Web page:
South Dakota Pro-Life Lawmakers Won’t Try Banning All Abortions Again

State   |   Steven Ertelt   |   Jan 27, 2005   |   9:00AM   |   WASHINGTON, DC

South Dakota Pro-Life Lawmakers Won’t Try Banning All Abortions Again Email this article
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by Steven Ertelt Editor
January 27, 2005

Pierre, SD ( — It appears a bill to ban all abortions in the state of South Dakota isn’t going to be coming back this legislative session. A bill last year to do that sharply divided the pro-life community both in the plains state as well as nationally over the best strategy to stop abortions.

Instead, lawmakers are preparing a package of bills that would further limit abortions in the state, which has just one abortion business.

Last year’s bill was the subjected of a technical veto by pro-life Governor Mike Rounds, a Republican, who didn’t like the wording of the bill. State legislators ended up unable to override the veto.

Some pro-life groups and lawmakers supported the bill, but others said it would eventually be declared unconstitutional by the Supreme Court and add to the case law favoring the 1973 Roe v. Wade decision that legalized abortion. Opponents were also worried the state would be required hand over thousands of dollars to Planned Parenthood in legal fees as a result.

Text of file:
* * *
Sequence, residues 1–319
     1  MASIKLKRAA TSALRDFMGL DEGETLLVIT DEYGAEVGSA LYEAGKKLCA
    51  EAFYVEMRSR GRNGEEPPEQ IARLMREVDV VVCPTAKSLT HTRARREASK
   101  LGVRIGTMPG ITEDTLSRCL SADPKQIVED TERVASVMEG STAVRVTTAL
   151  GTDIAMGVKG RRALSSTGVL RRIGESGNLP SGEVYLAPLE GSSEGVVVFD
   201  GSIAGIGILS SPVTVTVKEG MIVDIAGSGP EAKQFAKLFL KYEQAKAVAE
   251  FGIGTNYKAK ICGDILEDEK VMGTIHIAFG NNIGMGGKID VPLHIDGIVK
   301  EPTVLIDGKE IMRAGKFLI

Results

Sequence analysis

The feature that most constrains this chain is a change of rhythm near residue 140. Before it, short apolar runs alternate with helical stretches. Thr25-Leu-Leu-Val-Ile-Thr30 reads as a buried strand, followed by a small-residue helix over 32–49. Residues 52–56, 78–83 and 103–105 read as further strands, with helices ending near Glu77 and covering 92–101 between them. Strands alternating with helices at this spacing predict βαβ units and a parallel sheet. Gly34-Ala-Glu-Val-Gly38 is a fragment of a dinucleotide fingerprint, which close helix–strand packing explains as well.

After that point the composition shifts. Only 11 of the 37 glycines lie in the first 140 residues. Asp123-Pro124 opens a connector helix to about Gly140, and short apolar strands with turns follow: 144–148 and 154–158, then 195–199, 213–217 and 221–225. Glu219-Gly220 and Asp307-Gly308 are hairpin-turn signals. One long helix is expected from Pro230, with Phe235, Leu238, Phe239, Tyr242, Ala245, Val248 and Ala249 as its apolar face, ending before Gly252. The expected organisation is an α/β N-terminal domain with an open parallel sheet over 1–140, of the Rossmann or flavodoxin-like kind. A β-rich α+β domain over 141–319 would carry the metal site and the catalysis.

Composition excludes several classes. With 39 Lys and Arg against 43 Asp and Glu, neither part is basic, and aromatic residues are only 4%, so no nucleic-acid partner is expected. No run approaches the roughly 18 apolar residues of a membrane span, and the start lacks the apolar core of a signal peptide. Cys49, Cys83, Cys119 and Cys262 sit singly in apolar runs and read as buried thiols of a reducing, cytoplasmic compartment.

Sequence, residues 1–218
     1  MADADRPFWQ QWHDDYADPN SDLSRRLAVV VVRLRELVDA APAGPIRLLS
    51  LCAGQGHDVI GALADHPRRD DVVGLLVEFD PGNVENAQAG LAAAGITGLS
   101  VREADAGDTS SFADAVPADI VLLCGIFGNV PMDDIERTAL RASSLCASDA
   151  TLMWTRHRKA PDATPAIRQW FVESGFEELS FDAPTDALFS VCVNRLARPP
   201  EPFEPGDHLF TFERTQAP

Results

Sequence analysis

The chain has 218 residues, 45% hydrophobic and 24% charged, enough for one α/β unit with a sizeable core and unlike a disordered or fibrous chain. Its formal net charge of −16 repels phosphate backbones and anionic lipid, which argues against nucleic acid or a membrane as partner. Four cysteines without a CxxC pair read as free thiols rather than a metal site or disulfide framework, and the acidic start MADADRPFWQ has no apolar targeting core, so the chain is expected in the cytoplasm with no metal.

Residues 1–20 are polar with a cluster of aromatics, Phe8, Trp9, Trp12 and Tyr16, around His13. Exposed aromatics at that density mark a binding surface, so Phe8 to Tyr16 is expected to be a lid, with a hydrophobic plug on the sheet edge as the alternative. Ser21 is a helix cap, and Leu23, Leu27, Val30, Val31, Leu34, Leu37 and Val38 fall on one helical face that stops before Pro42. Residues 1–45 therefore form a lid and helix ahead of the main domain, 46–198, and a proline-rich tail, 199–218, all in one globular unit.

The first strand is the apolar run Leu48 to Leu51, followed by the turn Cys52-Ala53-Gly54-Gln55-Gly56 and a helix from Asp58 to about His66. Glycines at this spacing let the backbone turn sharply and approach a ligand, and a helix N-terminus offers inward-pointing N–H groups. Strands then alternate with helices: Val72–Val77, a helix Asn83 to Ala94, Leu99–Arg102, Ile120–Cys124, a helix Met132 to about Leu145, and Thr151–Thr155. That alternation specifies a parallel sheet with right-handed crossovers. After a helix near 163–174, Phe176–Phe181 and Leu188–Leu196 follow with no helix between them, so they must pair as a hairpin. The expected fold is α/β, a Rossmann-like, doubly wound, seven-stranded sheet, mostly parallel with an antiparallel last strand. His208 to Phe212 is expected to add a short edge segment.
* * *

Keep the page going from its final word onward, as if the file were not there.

"Until there’s a change in the Supreme Court, we have some time to look at other issues that need attention in relation to abortion," Republican state Sen. Lee Schoenbeck, the Senate sponsor of last year’s abortion ban, told the Associated Press.

This year’s bills are an attempt to rebuild relationships between pro-life legislators and pro-life groups.

"There are strong feelings across the board in the pro-life community that we need to work together this year because there was a lot of division last year," Schoenbeck added.

Sen. Jay Duenwald, a pro-life Republican, told AP he was doubtful that another wholesale abortion ban would probably not be offered this year.

What is planned, however, is an abortion information bill that would require the state’s lone abortion business in Sioux Falls to provide women with information about abortion’s risks and alternatives as well as the development of the baby.

Similar Right to Know bills in other states have been effective in reducing the number of abortions by about one-third.

A second bill will deal with parental notification.

Current state law requires parents to be notified in writing at least 48 hours prior to the abortion procedure on a teenager. The new legislation would tighten the requirements necessary for a judge to approve an abortion in an emergency situation so it doesn’t become a rubber stamp process.

A final bill would make abortions illegal in South Dakota should the Supreme Court ever reverse itself on Roe v. Wade.

Kate Looby, a spokeswoman for Planned Parenthood of Minnesota and South Dakota, told AP she’s more worried about the new proposals because they will be more likely to stand up in court.

"When they talk about tightening restrictions, and we have many restrictions already on the books, tightening them up may not be unconstitutional but it really reduces access for women who need services or abortions," she told the news service.